HARTFORD, Conn. — Waterford Group Chairman Len Wolman builds hotels from the ground up, but today, he will see how it feels to go from the top down.
Wolman will be among the 115 people expected to rappel down the side of the 22-story Hilton Hartford on Trumbull Street — one of three hotels in downtown Hartford owned and managed by Waterford — as a fundraiser for charity.
Waterford is partnering with Shatterproof, a new Norwalk-based organization that is bringing attention to the problem of alcohol and drug addiction among children and young adults.
Wolman said he invited his employees to participate but knew he couldn't leave it at that: "I felt I needed to sign on myself."
Wolman said he has not rappelled before, but he has bungee jumped — with his son, off a bridge in New Zealand, about five years ago. His son talked him into it. He doesn't know how far he jumped but said that walking down the full length of the Hilton — about 200 feet — may be the greater distance.
"As the time gets a little closer, I'm getting a little more nervous," Wolman said. "But I'm doing it."
He's thought about his strategy for the 12- to 15-minute descent: "When I drop off the building, I'm going to look straight at the building when I go down."
And how is Wolman with heights?
"It's not my favorite," he said.
But Wolman said the challenge will be worth it, given what Shatterproof is trying to accomplish
He said he has known Shatterproof's founder and chief executive, Gary Mendell, for years. Mendell founded HEI Hotels & Resorts, also based in Norwalk. Mendell left the day-to-day operations of HEI, where he was CEO, to focus full time on building the nonprofit Shatterproof, though he remains an owner of HEI.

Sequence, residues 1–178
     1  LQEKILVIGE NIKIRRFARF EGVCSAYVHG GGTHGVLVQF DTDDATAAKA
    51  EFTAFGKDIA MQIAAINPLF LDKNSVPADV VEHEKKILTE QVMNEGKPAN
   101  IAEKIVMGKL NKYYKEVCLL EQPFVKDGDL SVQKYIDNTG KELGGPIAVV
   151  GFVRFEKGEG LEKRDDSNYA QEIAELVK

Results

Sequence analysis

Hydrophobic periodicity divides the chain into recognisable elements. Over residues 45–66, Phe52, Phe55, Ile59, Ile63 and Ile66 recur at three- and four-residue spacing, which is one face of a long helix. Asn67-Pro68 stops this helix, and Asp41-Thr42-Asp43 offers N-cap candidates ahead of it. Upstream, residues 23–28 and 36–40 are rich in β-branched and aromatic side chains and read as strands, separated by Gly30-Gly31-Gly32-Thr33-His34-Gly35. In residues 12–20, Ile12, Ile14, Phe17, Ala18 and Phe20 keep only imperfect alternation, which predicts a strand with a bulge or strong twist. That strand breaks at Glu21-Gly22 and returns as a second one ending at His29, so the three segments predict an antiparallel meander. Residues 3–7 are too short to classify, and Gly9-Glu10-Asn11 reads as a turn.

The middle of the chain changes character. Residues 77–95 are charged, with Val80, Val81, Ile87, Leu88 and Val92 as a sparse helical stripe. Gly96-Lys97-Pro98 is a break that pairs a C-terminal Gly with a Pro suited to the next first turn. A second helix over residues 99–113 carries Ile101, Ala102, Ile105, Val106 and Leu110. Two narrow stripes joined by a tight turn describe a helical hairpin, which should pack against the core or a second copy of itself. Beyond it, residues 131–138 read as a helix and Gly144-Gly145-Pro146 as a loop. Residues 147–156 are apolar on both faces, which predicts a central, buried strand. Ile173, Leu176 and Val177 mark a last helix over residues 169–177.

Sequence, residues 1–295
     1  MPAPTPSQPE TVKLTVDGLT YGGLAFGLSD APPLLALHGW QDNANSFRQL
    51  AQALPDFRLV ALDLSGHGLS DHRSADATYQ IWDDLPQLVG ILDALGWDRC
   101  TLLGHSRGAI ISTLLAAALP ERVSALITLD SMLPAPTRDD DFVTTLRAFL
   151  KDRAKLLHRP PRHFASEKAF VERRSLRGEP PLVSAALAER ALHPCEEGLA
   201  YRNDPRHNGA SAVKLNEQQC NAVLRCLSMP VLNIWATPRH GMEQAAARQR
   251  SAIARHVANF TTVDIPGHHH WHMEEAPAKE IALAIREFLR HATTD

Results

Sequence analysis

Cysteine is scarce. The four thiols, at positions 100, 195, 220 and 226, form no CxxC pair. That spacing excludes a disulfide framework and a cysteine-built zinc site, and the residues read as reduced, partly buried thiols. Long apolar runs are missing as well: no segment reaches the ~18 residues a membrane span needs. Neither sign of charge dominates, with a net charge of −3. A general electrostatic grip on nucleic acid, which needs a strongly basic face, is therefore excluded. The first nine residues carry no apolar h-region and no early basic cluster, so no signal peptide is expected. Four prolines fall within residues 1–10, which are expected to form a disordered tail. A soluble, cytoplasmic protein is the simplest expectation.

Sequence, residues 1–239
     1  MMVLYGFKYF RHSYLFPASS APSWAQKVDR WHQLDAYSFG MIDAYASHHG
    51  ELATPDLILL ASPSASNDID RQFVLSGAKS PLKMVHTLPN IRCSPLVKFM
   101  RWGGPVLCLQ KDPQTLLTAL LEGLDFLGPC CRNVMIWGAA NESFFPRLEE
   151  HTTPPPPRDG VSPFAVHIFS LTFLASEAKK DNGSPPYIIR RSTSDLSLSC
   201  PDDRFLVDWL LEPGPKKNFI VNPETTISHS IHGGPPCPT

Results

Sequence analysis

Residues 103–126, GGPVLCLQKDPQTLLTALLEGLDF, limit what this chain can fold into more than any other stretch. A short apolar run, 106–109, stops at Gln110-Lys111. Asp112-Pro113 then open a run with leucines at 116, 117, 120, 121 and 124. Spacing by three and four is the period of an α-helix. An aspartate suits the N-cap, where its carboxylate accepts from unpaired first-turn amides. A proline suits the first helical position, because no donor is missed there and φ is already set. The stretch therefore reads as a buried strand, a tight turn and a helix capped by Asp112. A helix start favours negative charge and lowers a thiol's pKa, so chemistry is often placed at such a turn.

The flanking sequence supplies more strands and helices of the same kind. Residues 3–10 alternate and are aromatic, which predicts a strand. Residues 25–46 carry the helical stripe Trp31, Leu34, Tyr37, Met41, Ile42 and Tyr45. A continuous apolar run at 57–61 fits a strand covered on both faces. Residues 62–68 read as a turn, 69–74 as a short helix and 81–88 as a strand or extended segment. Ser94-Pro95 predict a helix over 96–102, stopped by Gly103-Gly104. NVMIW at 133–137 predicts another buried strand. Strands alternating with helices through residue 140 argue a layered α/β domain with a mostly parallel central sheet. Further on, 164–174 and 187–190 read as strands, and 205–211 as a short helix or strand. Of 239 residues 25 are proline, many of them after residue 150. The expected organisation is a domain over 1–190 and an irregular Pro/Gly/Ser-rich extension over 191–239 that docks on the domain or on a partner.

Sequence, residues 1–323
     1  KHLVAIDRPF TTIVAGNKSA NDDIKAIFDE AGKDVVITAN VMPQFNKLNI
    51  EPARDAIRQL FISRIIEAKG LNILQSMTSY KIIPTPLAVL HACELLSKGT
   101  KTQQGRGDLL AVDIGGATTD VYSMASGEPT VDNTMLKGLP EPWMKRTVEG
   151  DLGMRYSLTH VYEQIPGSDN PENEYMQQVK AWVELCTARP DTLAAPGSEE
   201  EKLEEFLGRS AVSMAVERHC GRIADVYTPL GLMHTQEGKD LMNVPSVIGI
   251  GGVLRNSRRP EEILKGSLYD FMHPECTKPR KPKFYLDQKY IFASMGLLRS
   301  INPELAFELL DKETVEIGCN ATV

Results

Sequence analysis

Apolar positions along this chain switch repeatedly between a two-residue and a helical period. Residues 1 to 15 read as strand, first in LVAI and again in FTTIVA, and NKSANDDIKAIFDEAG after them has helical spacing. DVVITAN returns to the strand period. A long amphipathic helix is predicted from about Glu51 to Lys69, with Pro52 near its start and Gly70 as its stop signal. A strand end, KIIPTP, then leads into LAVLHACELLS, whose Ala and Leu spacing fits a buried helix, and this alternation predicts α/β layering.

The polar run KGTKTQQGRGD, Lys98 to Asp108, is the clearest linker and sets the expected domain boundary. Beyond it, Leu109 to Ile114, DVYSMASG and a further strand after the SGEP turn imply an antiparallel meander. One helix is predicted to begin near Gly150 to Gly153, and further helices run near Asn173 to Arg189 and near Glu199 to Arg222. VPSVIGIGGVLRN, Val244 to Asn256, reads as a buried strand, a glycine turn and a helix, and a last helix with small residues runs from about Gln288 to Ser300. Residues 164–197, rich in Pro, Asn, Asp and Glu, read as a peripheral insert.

Mendell was moved to found Shatterproof last year, following the 2011 death of his son, Brian, who struggled with addiction.
After his son's death, he realized there was no national organization calling attention to the problem of addiction in young people, Mendell said in an interview Friday. He said he hopes Shatterproof will become to addiction what Susan B. Komen is to breast cancer or the American Heart Association is to heart disease.
Mendell said the name Shatterproof comes from a startling statistic he learned in his research.
"Three hundred and fifty families a day are shattered by addiction," Mendell said. "Three hundred and fifty people die from alcohol poisoning or drug addiction every day in the U.S."
Mendell said he chose rappelling rather than the more typical walks, runs or bicycle rides to make a dramatic statement as the nonprofit launched.
On Tuesday, from 9 a.m. to 5 p.m, three ropes will hang down the facade of the Hilton, with rappellers descending throughout the day. As of late Friday, there were nine slots left. Participants pay an $25 entrance fee and are required to raise at least $1,000 in pledges.
The event is run by a professional company, Over the Edge, which also provides training.
Hartford is the seventh location to host a Shatterproof rappelling event this year, with five more to go. Wolman and Mendell will go down the building at 9 a.m.
"This disease is such a dire disease," Wolman said. "It's so critical that something get done."
For more information on Shatterproof, or to register for one of the remaining slots in Hartford next week, visit http://www.shatterproof.org.